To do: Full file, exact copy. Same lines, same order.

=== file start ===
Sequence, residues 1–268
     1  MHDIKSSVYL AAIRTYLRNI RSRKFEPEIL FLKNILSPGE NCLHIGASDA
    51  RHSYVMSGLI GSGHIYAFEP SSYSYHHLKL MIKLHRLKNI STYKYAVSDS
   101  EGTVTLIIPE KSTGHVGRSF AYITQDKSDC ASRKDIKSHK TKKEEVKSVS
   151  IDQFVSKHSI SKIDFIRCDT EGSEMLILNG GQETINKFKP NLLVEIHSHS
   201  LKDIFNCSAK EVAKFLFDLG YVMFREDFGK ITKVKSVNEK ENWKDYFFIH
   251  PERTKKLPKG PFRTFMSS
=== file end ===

Sequence, residues 1–268
     1  MHDIKSSVYL AAIRTYLRNI RSRKFEPEIL FLKNILSPGE NCLHIGASDA
    51  RHSYVMSGLI GSGHIYAFEP SSYSYHHLKL MIKLHRLKNI STYKYAVSDS
   101  EGTVTLIIPE KSTGHVGRSF AYITQDKSDC ASRKDIKSHK TKKEEVKSVS
   151  IDQFVSKHSI SKIDFIRCDT EGSEMLILNG GQETINKFKP NLLVEIHSHS
   201  LKDIFNCSAK EVAKFLFDLG YVMFREDFGK ITKVKSVNEK ENWKDYFFIH
   251  PERTKKLPKG PFRTFMSS